Most of us know that we are living far short of what we are meant-to-be. If our approach to this problem is to try harder, using self-restraint to ride out each trying situation, we are sentencing ourself to a temporary fix that has no long-term benefit. We will live and die never having become who we were meant-to-be.
No matter how tightly we “girdle” our flesh, it remains useless to God, because the flesh is simply incapable of receiving the right-being God wants to give us. As long as we remain in our easily offended, overly sensitive, combative flesh — we’re going to feel agitated and discontent — losing face, losing ground and losing what God wants to do and be through us.
The solution does not lie in whipping our old man into shape, to make him better. The answer is to put him off like a filthy set of old clothes, and step into the new.
Very early in the narrative of Redemption, God lays a foundation for this mystery in Jacob’s story , hinting of our translation out of the wrong-being of our old man into the right-being of the new man. At Peniel, God gives him a new name to mark this translation into the man he is meant-to-be.
From Peniel on, every moment holds THE POTENTIAL for him to walk as either Jacob in the flesh or as Israel in the spirit.
The ethereal arch illustrates God’s enabling power coming to Jacob in grace. The green line represents Jacob walking in the flesh. The gold line symbolizes Israel walking as a new man — experiencing an entirely new state of right-being within.
What we soon learn from Jacob’s story is that his challenge was the same as ours . . . how to walk as Israel, when the overwhelming tendency is to default to the familiarity of our fleshly carnal ways. God layers a revelation into Jacob’s story, to show us how we are translated out of the old into the new. The old man isn’t shaped into the new, he is put off to make way for the new. Translation is instantaneous: we are either operating out of the old or out of the new. But getting to the place where we are ready to be translated can be laborious and painful.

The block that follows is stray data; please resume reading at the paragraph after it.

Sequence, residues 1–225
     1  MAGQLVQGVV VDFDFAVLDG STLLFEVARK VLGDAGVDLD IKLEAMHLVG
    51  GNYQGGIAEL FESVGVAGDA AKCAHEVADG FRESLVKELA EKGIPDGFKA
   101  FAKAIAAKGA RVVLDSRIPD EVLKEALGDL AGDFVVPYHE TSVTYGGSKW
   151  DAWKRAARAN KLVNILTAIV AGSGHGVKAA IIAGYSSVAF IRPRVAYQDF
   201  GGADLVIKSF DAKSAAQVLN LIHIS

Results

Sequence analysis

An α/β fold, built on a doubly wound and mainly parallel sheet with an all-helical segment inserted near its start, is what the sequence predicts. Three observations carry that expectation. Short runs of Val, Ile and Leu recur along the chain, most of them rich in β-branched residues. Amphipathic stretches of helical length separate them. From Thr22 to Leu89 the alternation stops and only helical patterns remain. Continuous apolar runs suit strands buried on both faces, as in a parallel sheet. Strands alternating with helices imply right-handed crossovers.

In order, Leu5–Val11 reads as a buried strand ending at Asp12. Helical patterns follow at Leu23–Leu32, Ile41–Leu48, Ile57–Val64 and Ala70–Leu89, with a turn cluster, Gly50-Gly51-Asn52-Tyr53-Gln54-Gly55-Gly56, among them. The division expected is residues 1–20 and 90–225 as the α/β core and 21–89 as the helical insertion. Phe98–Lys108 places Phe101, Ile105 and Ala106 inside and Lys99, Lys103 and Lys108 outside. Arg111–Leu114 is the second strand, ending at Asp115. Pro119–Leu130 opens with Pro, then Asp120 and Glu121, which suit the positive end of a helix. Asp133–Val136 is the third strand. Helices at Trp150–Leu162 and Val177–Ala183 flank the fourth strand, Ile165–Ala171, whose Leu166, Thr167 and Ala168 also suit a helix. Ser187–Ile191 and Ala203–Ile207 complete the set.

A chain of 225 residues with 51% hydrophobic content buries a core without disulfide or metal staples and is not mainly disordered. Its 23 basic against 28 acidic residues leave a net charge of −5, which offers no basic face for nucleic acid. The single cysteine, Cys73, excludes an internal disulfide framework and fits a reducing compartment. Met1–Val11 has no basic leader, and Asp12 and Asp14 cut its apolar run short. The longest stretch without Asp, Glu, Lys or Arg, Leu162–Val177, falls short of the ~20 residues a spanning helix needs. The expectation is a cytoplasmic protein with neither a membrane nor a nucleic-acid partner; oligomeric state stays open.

The crash of Reality on Jacob’s soul at Peniel.
The same night he got up and took his two wives, his two maids, and his eleven children, and crossed the ford of the Jabbok. He took them and sent them across the stream, and likewise everything that he had. Jacob was left alone; and a man wrestled with him until daybreak. When the man saw that he did not prevail against Jacob, he struck him on the hip socket; and Jacob’s hip was put out of joint as he wrestled with him. Then he said, “Let me go, for the day is breaking.” But Jacob said, “I will not let you go, unless you bless me.” So he said to him, “What is your name?” And he said, “Jacob.” Then the man said, “You shall no longer be called Jacob, but Israel, for you have striven with God and with humans, and have prevailed.” . . . And there he blessed him. So Jacob called the place Peniel, saying, “For I have seen God face to face, and yet my life is preserved.” The sun rose upon him as he passed Penuel, limping because of his hip.
Gen 32:22-32, NRSV
Three things prepare Jacob for the moment of his translation into Israel; these three will mark our translation out of our flesh into our new man as well.
1. God contends with Jacob, through the consequences he has brought upon himself. Jacob feels like he is battling for his life — not only with his inner turmoil at the prospect of facing his brother Esau, but aggravated by God Himself — Who comes like an enemy Who would keep him from the land of promise.  The prophet Hosea (12:4) describes Jacob wrestling with weeping and prayer. God is forcing him to vigorous spiritual wrestling . . . Why?
At any moment God could take him out, but doesn’t. Why? God is allowing Jacob’s soul to prevail, forcing him to draw on the strength he can only get from God. God is contending with Jacob to summon Israel, calling forth the new man who has the capacity to draw on Him.
God engages us in nights of harrowing struggle SO THAT
He can draw out of us the very power He is trying to put into us.
2. God touches Jacob, crippling him. Sometimes a shepherd’s only way to keep a stubborn sheep from constantly running away is to break its leg. . . it is a severe mercy done out of love, to protect the sheep. The shepherd then carries that sheep on his shoulders, until its leg has healed. During that time the sheep learns to love and trust his master, bonding inseparably with him.
With a single touch the “man” shrinks the sinew of Jacob’s thigh, throwing his leg out of joint — making it clear that Jacob’s former manner of walking is not going to serve him as it has before. The crippling of our Jacob ways may not keep us from reverting to them, but it ensures that we will limp as long as we do.
There is a breaking that marks every breakthrough
we are ever going to have with God.